The overall dog gives a squarish impression in profile. The occiput is not pronounced, the neck is short and heavy, the stop is barely discernible. The muzzle from nose to chops is blunt, almost a straight line. Legs are sturdy; the line from hip to hock is only slightly curved, seeming almost to be straight. The curled tail is set very high, and carried to one side.
The superabundance of skin forms deep folds over his face and, when he is seated, all down his back. His coat is very short, not more than half an inch long, and stands straight up. It is somewhat harsh to the touch. He is usually fawn, self-colored except for his blue-gray mask, which darkens to black near the nose.
The nose, tongue, gums and roof of the mouth are blue-black. His eyes are small, dark, almond-shaped and very alert; they appear to be deep-set because his voluminous skin forms heavy folds over the browline.
His scowling expression is deceptive – a sweeter animal would be difficult to imagine. His small triangular ears, set at the very top of his head and pointing toward the eyes, hang forward rather than down, touching upon or close to the head. Bone structure, general conformation, and posture add up to an extremely sculptural dog.
Shar-Pei move superbly, head and tail carried high; the gait is purposeful, balanced and strong.
In character and personality, they are friendly and highly responsive to human companionship. Although they are said to be aloof with strangers, if a visitor welcomed by the family demonstrates a liking for them, they scramble over one another to receive as much attention as they can get – and in return, they wiggle and waggle and bestow moist kisses. An intruder, of course, would be greeted in an entirely different manner.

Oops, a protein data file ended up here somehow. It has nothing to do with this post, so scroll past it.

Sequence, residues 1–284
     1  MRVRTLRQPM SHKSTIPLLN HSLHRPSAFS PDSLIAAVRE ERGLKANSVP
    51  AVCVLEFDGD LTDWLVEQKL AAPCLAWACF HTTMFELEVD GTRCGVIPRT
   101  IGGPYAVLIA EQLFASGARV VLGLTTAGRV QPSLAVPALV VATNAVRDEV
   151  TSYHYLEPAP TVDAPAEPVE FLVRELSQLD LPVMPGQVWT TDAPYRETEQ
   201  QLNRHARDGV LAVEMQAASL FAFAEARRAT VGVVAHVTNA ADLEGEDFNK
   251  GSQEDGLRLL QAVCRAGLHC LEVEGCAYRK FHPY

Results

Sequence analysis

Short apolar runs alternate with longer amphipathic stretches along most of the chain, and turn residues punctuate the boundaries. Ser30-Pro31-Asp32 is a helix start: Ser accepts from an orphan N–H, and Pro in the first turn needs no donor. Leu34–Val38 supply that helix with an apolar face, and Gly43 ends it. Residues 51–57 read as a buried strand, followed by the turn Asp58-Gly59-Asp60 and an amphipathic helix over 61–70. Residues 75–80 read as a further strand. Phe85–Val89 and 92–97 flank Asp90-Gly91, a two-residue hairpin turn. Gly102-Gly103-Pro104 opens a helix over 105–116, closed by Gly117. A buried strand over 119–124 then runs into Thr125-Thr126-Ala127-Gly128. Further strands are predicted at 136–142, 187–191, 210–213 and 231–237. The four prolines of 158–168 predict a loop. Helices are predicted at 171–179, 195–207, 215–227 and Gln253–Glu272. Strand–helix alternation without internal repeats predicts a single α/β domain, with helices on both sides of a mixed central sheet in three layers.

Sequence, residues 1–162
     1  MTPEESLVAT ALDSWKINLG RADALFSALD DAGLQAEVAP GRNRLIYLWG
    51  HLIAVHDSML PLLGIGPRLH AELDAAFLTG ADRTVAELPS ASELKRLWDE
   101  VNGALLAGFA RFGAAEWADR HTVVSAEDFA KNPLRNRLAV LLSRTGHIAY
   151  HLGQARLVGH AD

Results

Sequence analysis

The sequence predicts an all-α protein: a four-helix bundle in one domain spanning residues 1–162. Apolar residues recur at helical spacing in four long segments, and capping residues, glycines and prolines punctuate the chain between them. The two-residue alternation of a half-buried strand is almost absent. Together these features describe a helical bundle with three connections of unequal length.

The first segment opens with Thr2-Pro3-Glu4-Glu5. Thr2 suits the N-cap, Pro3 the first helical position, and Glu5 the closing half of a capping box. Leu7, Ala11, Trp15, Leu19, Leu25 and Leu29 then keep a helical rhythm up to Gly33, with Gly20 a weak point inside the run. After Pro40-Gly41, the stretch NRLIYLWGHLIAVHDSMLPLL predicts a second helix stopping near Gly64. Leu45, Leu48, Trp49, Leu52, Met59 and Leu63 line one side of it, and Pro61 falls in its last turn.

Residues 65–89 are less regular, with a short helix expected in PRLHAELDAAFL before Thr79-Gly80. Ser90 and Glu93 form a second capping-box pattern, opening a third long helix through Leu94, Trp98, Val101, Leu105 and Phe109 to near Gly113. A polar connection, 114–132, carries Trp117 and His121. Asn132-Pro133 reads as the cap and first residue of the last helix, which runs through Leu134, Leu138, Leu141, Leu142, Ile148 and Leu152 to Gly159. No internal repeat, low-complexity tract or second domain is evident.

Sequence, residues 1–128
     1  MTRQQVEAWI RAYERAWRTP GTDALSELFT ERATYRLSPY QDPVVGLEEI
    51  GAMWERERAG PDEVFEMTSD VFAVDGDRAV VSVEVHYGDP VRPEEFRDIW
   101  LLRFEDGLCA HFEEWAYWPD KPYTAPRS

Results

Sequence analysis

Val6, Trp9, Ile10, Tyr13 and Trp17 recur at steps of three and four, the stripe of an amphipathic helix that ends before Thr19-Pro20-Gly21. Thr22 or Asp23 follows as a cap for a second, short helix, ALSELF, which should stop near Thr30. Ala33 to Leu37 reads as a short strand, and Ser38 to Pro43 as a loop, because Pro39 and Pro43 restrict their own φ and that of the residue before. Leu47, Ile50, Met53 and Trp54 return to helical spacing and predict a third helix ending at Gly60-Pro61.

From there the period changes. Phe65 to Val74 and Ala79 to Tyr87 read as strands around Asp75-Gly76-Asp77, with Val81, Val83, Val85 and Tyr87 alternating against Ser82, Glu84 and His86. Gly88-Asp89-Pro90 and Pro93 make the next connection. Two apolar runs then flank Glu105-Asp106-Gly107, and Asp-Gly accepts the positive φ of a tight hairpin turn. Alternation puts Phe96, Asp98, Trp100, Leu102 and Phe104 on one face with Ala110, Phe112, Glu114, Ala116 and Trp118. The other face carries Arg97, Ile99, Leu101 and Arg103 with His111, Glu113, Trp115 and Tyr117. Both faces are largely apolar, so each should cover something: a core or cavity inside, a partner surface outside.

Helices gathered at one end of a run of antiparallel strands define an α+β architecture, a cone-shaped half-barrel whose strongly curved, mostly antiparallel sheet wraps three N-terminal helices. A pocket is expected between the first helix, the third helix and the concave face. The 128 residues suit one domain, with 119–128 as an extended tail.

They have a high degree of intelligence and have been claimed by fanciers to be able to learn anything.
Shar-Pei At The Dog Shows: Meet Ling-Ling
A Shar-Pei generates so much interest at a dog show that he is sought after by even the coordinators of these events. Spectators find him irresistible. They flock about, asking questions and crowding in to see and touch these dogs.
Perhaps the star of the Albright family Shar-Pei was Ling-Ling, which was recognized back when she was just one year old, a beautiful female who had distinguished herself early. She so elegantly epitomized the very best features of the intriguing breed, and made many appearances on T.V. shows and in front of live audiences.
Ling-Ling, owned and handled at the time by Mrs. Darlene Albright Wright, took Best in Show at the Modesto Rare Breeds Match in May of 1976. She received an elaborate red-white-and-blue Bicentennial ribbon and a silver cup to commemorate her triumph.
At the conclusion of that show, one of the AKC judges remarked, “What we lacked in quantity of Shar-Pei here today we certainly made up for in quality.”
As if that were not heady praise enough, another of the judges, a doctor and instructor of Canine Anatomy, said, “The first time I saw that dog move I knew that was the winning dog.”
Ling-Ling was next entered in the Peralta Dog Fanciers Match in June. She won Best of Breed, for which there was no competition; but she then proceeded to march off with Best in Miscellaneous Group against stiff competition.